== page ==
Last week, we covered the 1979 science fiction horror film Alien, a movie that really needed no sequel. Thankfully, Hollywood didn’t listen and released director James Cameron’s Aliens in 1986, a classic in its own right of the science fiction and action genres.
After floating in hypersleep for 57 years after the events of Alien, Ellen Ripley (Sigourney Weaver) is woken up to find that the planet where her crew originally encountered the Xenomorph, LV-426, has been colonized by humans. Facing her fears, she returns to the planet with a squad of Colonial Marines to wipe out the alien menace. But things quickly go from bad to worse as the heroes are outnumbered and picked off one by one.
Action, Adventure, and Terror in Outer Space
While the film has an early moment of terror, Aliens is not a horror film at all. There are still elements of horror at play, mostly in the design of the Xenomorphs; however, this movie is fun, fast, intense, and action-packed. Excitement gives way to terror, which turns into a breakneck thrill ride. Bill Paxton’s Colonial Marine Hudson puts it best as the characters are dropped down onto LV-426: “We are on an express elevator to Hell! Going down!”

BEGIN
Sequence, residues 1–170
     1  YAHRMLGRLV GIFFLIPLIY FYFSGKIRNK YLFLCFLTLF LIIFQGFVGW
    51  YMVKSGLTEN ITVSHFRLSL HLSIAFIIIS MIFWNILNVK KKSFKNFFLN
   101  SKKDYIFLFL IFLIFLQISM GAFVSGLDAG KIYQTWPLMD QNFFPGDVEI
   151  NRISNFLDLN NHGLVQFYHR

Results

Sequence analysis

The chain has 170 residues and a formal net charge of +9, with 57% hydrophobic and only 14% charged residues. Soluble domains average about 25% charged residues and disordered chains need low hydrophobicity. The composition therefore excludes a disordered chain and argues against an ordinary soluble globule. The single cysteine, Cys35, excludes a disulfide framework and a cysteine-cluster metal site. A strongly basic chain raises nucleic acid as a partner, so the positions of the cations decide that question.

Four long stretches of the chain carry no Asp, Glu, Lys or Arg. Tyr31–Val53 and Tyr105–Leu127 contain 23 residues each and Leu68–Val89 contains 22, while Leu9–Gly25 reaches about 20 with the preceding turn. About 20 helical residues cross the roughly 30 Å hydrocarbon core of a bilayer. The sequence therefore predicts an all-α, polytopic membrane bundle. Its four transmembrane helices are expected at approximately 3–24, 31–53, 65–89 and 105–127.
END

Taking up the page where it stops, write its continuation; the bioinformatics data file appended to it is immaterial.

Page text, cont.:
Like the opening title sequence in Alien, the opening in Aliens helps to set the tone. It’s creepy and mysterious, but it feels more intense and in-your-face. While the film is a great piece of cinema on its own, Cameron also throws in allusions to the Vietnam War. A technologically superior force is undermined and overwhelmed by an unseen enemy. The Colonial Marines themselves are designed to be similar to U.S. troops in the ‘70s in both look and attitude.
A Positively Badass Heroine
In Aliens, Weaver makes Ripley into an even stronger character than she was in the first film. Rather than being a typical horror heroine, she is a strong and proactive character. She’s not waiting to be picked off by some unseen horror; instead she takes charge even when everyone else doubts her.